Jon Infante of the Bylaw Blog reported today that the NCAA has ruled that institutions can no longer subscribe to Rivals.com affiliated sites. The rationale "is that Rivals provides video of nonscholastic competition that is not available to the general public." By that definition, I think the ban doesn't just cover Rivals but any service that charges money for access to film from anything that's not a high school game.
This is big news because it shows that the NCAA is wasting little time in evaluating what constitutes a scouting service in the wake of the Will Lyles scandal at Oregon. It also matters because it's no secret that many, if not all, programs use services like Rivals and Scout to some degree in their recruiting regimens. They all say that they don't count stars and things like that, but they do at least use the film that those sites provide.
Based on the rationale that Infante provided, it would figure that all Rivals (and other sites that hide film behind paywalls) needs to do is make all of its film free in order to allow programs to keep their subscriptions. However if all film became free, then all the programs would get for their subscription money is access to articles that coaches allegedly don't use and message boards for the rumor mill.
This ruling is a shot across the bow of Rivals's business model to some extent, and it shows that the NCAA is actively trying to figure out what it thinks of recruiting services. I don't know whether this is a step down the road towards putting street agents who use "scouting services" as a front out of business, but it's the first time I can think of that shows that the NCAA does think about the web-based businesses that operate based on recruiting.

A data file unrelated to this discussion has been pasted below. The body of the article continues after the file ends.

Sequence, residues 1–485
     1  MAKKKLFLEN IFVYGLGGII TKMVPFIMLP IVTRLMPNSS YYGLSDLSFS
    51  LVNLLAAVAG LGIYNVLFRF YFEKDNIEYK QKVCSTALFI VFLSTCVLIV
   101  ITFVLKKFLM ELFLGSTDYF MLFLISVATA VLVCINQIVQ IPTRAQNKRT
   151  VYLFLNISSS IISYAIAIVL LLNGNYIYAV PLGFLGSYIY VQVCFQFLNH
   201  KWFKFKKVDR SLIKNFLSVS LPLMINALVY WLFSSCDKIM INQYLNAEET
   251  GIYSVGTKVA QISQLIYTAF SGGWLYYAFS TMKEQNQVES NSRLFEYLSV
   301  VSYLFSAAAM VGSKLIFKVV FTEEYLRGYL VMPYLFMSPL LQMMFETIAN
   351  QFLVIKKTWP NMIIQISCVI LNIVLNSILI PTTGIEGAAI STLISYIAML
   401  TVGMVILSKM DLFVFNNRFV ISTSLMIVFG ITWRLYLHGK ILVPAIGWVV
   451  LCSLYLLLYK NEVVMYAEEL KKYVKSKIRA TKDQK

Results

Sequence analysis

The plot thickens. According to CBS's Bryan Fischer, "Every single school just had to report a secondary violation 'if they were or ever have been subscribed' to Rivals."
The academic and membership affairs staff determined that it is not permissible for an institution to obtain video (e.g., live streaming video, recorded video) of any nonscholastic activities, including regular game and all-star competition, or any summer camp or clinic competition, through a subscription fee or other associated fee paid to a recruiting or scouting service. Further, it is not permissible to obtain any nonscholastic video that is available only to a select group of individuals (e.g., coaches), even if there is no charge associated with such individuals accessing the video.
Yahoo!, who owns Rivals, issued a statement to CBS Sports when asked for comment:
"We are in discussions with the NCAA in regards to this issue. This, in no way, affects Rivals.com's ability to provide content to our subscribers nor the general public."
Basically, the NCAA will tell Yahoo!/Rivals what it needs to un-pay wall in order to become kosher again, and it will do that. Ultimately, I think this story will have a swift and easy conclusion in that way.